Molly Cadle-Davidson
Molly Cadle-Davidson Chief Science Officer, ABM

Molly Cadle-Davidson first started with ABM as a consultant in 2013, but it wasn’t long before she was working full time as assistant chief scientific officer in January 2014. Now as chief science officer, she works to enhance ABM genomics strategies and to foster next-generation product development. Cadle-Davidson is an expert in the field of genetics and is well versed in the application of genomics and next-generation sequencing techniques for trait-based research and development. Prior to joining ABM, she was involved in government work with SRC, Inc. and aided other government-funded programs with the Departments of Homeland Security, State, Defense and Justice. While at SRC, Inc., her work resulted in one trade secret, two patents pending and one patent application currently being prepared for the company. Cadle-Davidson holds a Bachelor of Science in genetics from the University of California, as well as a Master of Science in plant pathology from Washington State University and a doctorate in plant breeding and genetics from Cornell University.

An organism’s environment is another important element scientists developing biologicals must consider.

Furthermore, because microbes have evolved with plants, the two interact in many different ways. For instance, microbes influence the phytobiome and may change the microbial makeup surrounding plant roots and leaf surfaces. Microbes can also directly signal the plant to change its gene expression, or how the plant recovers from environmental stress.

These are systems involving many genes, and because biologicals can activate or influence these large systems, they introduce another set of variables into agriculture.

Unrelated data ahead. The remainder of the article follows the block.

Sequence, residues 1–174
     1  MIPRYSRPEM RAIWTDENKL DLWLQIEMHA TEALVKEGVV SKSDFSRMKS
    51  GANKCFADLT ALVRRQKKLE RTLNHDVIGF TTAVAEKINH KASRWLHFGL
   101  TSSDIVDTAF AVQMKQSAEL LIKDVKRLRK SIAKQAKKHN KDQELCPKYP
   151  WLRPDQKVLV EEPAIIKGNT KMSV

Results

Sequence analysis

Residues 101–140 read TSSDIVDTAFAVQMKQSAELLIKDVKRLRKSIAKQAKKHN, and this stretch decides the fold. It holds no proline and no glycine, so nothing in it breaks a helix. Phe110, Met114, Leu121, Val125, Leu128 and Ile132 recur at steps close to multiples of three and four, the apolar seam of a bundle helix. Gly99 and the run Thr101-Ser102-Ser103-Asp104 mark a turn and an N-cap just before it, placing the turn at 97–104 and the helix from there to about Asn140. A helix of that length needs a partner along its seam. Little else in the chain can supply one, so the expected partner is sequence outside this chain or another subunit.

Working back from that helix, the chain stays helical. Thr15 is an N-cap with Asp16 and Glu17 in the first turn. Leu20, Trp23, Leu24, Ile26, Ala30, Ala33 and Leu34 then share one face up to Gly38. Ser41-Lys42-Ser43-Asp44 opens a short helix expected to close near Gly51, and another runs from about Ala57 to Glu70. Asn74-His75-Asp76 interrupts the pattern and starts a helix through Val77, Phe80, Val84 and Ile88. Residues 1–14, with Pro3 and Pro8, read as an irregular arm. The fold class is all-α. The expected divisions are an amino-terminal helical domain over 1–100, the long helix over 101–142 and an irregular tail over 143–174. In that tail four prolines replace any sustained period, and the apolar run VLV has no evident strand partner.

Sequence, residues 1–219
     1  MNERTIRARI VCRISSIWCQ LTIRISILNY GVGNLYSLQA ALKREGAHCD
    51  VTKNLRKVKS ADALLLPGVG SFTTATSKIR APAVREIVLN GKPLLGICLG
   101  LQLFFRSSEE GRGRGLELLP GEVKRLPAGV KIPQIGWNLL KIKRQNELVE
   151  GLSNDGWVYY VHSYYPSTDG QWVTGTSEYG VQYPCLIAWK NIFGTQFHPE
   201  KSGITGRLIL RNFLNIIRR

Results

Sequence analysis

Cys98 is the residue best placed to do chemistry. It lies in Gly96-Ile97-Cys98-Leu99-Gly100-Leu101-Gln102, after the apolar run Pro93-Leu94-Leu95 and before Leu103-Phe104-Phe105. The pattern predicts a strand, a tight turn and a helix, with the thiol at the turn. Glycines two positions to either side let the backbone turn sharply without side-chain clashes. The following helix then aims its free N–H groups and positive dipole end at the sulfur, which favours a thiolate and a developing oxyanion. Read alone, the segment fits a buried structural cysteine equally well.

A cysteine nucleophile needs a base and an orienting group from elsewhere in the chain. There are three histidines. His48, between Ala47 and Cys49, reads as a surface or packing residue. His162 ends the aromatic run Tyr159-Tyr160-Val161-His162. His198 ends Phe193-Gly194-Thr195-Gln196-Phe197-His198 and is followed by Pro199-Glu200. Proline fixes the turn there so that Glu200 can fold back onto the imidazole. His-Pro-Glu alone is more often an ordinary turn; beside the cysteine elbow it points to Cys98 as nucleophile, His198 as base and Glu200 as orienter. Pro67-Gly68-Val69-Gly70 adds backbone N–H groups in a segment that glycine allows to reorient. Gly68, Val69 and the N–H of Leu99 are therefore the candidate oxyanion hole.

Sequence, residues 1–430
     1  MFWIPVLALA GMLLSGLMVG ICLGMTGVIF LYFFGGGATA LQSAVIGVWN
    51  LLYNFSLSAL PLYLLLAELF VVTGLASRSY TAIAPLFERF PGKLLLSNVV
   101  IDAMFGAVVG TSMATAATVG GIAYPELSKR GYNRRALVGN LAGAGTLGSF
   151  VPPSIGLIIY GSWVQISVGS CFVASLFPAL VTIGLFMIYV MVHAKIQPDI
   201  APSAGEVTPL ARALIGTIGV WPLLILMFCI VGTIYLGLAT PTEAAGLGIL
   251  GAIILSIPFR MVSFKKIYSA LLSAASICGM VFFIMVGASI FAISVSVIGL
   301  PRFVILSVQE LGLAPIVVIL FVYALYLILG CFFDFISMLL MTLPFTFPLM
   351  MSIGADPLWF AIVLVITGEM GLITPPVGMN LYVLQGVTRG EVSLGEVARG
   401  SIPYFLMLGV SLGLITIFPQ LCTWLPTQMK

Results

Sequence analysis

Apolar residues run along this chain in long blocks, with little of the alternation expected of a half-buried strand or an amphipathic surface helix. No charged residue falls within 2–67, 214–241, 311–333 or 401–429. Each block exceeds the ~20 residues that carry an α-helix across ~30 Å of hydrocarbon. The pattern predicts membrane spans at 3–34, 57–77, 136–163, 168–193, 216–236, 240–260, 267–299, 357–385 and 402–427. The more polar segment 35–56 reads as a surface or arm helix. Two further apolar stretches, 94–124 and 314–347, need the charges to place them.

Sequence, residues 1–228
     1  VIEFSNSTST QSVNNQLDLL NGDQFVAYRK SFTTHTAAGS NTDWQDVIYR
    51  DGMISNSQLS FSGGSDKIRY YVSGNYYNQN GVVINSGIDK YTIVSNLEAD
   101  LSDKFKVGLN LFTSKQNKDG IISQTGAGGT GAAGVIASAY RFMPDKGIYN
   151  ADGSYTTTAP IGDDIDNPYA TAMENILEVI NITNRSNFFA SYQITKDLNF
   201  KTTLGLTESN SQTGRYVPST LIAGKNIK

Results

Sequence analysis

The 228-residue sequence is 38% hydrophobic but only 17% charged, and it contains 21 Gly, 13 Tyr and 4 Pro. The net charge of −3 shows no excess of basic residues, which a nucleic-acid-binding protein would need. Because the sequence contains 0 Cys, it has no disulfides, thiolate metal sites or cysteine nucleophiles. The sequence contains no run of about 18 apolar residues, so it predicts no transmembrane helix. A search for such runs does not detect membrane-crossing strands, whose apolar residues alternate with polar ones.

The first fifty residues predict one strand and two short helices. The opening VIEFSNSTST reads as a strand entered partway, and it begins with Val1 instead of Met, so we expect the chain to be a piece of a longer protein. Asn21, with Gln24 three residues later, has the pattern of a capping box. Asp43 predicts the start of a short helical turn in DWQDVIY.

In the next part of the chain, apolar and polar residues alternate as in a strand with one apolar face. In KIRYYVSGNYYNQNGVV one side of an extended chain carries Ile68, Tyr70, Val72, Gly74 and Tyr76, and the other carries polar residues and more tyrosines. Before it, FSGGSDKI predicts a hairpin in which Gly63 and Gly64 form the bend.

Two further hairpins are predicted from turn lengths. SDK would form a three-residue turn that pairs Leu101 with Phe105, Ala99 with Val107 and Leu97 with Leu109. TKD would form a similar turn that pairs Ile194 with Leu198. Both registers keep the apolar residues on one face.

We already know the biggest influence on agricultural performance is environment. Now we’re adding another biological system, which further changes that environment. Those of us creating biological products try to control environmental variability. We can’t control the weather, but we really must ensure when we put a product out there it’s not introducing more variability. We work hard to shrink that variability while still adding value in terms of yield and quality.

Fortunately, our industry is changing: it is getting better for biological seed treatments. For example, companies like ABM are providing application guidance—these products can be tank-mixed, but the time they are efficacious has limits. Also, we’re seeing more innovations in the field for biologicals application. For instance, many seed treaters now have a separate port for biological products.

We now have the science to support the benefits of biological products, end-users are experiencing enhanced performance first-hand, and companies are able to provide consistent product quality. Biologicals can do an enormous amount of good, and this sector is growing rapidly as the agriculture industry recognizes that value.